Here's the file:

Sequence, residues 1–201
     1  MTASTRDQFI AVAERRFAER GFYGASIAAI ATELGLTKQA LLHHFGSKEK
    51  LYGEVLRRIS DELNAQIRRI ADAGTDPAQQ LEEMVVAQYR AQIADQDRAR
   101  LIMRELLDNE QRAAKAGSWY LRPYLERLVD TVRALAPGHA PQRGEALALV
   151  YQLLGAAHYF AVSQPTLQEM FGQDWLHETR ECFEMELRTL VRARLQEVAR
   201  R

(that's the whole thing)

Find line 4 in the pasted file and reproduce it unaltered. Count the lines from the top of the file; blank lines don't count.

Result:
   101  LIMRELLDNE QRAAKAGSWY LRPYLERLVD TVRALAPGHA PQRGEALALV